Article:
Themes and Meanings
“La Belle Dame sans Merci” has been the subject of considerable critical attention. Bate remarks on the wide range of sources that contributed to the poem, to which may be added the strange folk ballad “Thomas Rhymer.” The beautiful lady is obviously a femme fatale, an archetypal figure originating in early myth and continuing to the present in the popular image of the vamp. Bate believes the central influence to be Edmund Spenser’s Duessa, who in The Faerie Queene (1590, 1596) seduces the Red Cross Knight. Other models readily available to Keats of warriors brought low by the wiles of beautiful women are Samson and Antony.
The identification of a specific femme fatale appears less important, however, than relating the knight’s experience to the long tradition of a mortal entrammeled by a beautiful female who may possess supernatural powers. The reader is reminded of the plight of Odysseus’s mariners who are bewitched by Circe in Homer’s Odyssey (c. 800 b.c.e.). They temporarily lose their human appearance. Keats’s knight fares much worse. He may be drained of his blood—he is “death-pale,” as are the kings, princes, and warriors of his dream—in which case he would be the zombie victim of a vampire. He is definitely drained of his will. The irony of a knight at arms being reduced to a slave is strong indeed. His “sojourn,” or rule, extends merely to the circumscribed area of desolation where “no birds sing,” and his activity is reduced from roaming the countryside seeking wrongs to redress to loitering aimlessly about the lake. He is as enervated and purposeless as Alfred, Lord Tennyson’s lotus eaters, as out of touch with the world of human concerns as that poet’s Mariana. The knight has been victimized through no fault of his own and has suffered the irredeemable loss of his humanness. The pity is that he acquiesces to his fate; he has given up.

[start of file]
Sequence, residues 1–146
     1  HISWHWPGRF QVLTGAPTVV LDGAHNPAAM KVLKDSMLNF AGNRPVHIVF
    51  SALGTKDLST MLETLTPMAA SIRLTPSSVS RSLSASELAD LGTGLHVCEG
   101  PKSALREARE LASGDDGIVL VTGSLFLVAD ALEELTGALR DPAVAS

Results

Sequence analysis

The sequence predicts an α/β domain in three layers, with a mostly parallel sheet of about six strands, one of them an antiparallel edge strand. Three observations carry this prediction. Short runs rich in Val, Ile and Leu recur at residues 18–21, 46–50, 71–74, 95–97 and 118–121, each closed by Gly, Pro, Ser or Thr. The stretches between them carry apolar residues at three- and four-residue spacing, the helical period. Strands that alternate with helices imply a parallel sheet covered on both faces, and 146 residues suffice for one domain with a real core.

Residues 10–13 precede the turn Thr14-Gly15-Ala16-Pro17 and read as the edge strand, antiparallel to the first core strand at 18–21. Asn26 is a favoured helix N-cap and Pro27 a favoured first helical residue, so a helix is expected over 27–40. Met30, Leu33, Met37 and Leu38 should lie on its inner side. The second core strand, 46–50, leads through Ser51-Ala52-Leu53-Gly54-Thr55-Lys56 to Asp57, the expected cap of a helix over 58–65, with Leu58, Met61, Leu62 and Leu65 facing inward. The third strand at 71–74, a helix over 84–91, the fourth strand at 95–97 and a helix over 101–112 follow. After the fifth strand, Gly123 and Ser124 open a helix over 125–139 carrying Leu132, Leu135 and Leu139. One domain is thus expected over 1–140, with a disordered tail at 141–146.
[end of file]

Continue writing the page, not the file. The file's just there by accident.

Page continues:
To be sure, all critics do not share this view that the lady is a dangerous menace. Bate, for example, sees the poem as premised on the “ultimate impossibility of contact between the human and this elusive, only half-human figure,” but he has doubts that the lady is sinister, since the knight “does not actually witness the ‘horrid warning’ of starvation that this attempted union may bring”; he encounters it only in his dream, which may reflect his own uneasiness. Similarly, Earl R. Wasserman in The Finer Tone (1953) exculpates the lady from any evil intent; “she is the ideal whom the lover must pursue but whom he can never possess.” The knight “is doomed to suffer her ‘unkindness,’ which is her nature although not her fault.”
This diversity of critical opinion is testimony that the simple language of Keats’s poem masks a substantial complexity of meaning. It is highly unlikely that there will ever be a critical consensus as to precisely what the poem “means.” There is consensus, however, that “La Belle Dame sans Merci” is a great and unforgettable poem.
With its forlorn, heartbroken narrator suffering the pangs of embarrassment, “La Belle Dame sans Merci” appears to tell readers about the universal situation known as unrequited love. While love felt equally by two parties is a celebrated event in stories and song, unrequited love occurs when the love felt by one person is much stronger than that felt by the person who is loved. The root “requite” comes from “to repay,” which indicates a balance that one expects in a love relationship and the sense of unfairness when one person “pays” love out but is not paid back.
In the poem the knight’s disappointment would be less severe if he did not believe from the beginning of their affair that the fairy child loved him in equal measure. As it is, she appears to fall in love with the knight just as he is falling for her. The look she gives him in line 19 and her “sweet moan” in line 20 might be read as signs of her love, and the presents she gives him...
(The entire section is 1,436 words.)